4. My mother tells me that trees just naturally don't grow very large on the Cape - even though I pointed out to her that there *are* some very large trees still. My father just ignores me.

  5. i am sooo terrified. last night, i spent hours gazing at the big maple tree that brushes my bedroom window. it did not have many leaves this summer and the ones it had were very small. now they are all falling (way ahead of time). but what is more disturbing, the branches seem to curve, like if they were in a Dali painting. the branches are loosing their vitality and becoming limp! it is so scary to look at the tree through the window and becoming numb in the night. death everywhere. and loneliness among 7 billions...

  6. The perception thing is puzzling. For 57 of my 60 years it was possible to recognize a dead tree. City parks and parkways never had dead trees, they were cut down when they started to die. The hazard of falling limbs was understood. Even on private property any tree that remotely presented a public hazard could be ordered cut by the city and they got cut down w/o huge resistance or cognitive dissonance. Over the years I've advised more than a few friends and clients to trim or cut their trees and I was listened to. Now they are invisible. No one wants to talk about it.

  7. Good interview with Biologist Francis Mangels about changes in soil pH ... even growing better tomatoes.


  8. Gail,

    Homo rapiens (John Gray's term used in his book Straw Dogs) is axing the last remaining trees to make room to move the space shuttle to a museum.

    Tree removal for space shuttle arrival tempers excitement
    Los Angeles TIMES, September 3, 2012

  9. I saw that story on yahoo. It was encouraging that almost all the comments were against chopping the trees. If I lived there I would lay down on the street in front of the trucks. Morons.

  10. Been helping a friend move here in southern New England, which has meant getting out and about with a good opportunity to look at a lot of trees.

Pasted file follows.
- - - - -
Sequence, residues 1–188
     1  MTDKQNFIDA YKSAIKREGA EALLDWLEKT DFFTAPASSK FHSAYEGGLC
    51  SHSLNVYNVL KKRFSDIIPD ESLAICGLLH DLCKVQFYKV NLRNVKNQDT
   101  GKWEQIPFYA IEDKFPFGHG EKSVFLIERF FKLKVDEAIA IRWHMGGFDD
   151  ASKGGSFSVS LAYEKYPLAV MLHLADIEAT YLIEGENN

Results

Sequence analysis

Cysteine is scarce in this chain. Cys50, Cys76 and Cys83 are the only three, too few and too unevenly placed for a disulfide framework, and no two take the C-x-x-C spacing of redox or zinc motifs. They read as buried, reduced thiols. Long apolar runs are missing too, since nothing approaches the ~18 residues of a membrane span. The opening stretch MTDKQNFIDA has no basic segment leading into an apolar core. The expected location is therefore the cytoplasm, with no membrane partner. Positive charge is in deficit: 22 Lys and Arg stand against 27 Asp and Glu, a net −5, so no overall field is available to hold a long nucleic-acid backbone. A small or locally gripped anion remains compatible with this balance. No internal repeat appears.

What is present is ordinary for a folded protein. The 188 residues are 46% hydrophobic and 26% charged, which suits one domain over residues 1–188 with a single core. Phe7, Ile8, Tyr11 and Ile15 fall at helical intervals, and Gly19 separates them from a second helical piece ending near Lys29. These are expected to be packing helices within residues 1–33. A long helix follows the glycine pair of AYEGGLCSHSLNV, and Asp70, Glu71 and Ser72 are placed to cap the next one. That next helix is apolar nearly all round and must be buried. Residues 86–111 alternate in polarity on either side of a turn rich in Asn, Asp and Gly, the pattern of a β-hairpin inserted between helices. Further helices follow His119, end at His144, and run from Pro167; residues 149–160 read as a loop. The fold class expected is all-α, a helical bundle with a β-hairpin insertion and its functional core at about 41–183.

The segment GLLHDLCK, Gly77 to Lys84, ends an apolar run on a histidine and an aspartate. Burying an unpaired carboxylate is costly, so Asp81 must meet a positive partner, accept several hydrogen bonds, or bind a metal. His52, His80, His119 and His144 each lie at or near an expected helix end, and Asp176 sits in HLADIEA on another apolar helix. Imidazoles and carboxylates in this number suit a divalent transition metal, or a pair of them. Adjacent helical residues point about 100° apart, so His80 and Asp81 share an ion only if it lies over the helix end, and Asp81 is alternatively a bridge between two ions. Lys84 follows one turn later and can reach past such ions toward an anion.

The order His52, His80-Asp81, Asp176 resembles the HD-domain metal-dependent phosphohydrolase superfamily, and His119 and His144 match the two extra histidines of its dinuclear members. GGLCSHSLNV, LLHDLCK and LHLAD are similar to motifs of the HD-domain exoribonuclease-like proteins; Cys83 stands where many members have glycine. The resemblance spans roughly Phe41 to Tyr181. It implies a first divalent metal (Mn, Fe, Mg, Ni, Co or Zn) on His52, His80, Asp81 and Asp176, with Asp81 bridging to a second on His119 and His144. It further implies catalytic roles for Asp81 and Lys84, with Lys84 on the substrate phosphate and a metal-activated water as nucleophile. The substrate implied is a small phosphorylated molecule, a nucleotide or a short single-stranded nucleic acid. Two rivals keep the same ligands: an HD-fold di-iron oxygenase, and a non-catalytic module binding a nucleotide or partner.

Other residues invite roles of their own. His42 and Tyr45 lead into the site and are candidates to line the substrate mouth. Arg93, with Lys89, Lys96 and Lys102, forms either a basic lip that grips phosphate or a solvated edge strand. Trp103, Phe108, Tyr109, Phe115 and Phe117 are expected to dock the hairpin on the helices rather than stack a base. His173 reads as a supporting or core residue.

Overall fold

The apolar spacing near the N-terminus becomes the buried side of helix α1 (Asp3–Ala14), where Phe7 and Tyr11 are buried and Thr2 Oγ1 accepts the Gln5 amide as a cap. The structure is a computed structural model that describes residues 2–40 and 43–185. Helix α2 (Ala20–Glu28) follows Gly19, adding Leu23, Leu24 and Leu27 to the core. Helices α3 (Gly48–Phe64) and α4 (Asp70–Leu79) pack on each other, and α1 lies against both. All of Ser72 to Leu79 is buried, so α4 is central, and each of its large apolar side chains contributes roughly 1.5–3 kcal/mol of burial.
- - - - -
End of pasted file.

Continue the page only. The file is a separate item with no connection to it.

Thin crowns, gray-green leaves, yellow-spotted leaves, brown-spotted leaves, leaves just yellow, brown, or already dropping. Can't blame it on the drought--here, there is no drought. Can't blame it on the arrival of autumn--The weather remains hot to warm. It just looks terrible, with a disheartening threat of worse to come.


  11. I have to say that here in England the trees look pretty healthy. I have been reading your blog on and off for a year or two, so I do tend to look at the trees when I'm out and about. I don't see landscapes where half the trees are dead, as you do there. Most of our weather comes from the Atlantic on the prevailing westerly winds, so maybe we benefit from cleaner air, whereas you're downwind of an entire continent of industry and internal combustion engines. Just speculating...

  12. Hi Icarus, thanks for continuing to read -

    Perhaps in your travels you could check up on a few of these trees, I wish I were able to track them down myself!


    England is much smaller and more intensively manicured that the US, which still has huge areas of untended forest, and even in suburbia the yards are often large and it's very expensive to remove trees, so more and more they are prominent in the landscape.

    It could be that your dead trees are being removed more meticulously, so you just don't see them. I was terribly disappointed when I went to see the New Forest (which is centuries old) where all the old trees were broken and there were no healthy young trees - and that was before I realized that trees are suffering globally.

    So perhaps you aren't seeing dying trees, but certainly a google search of "trees dying england" has over 22 million results.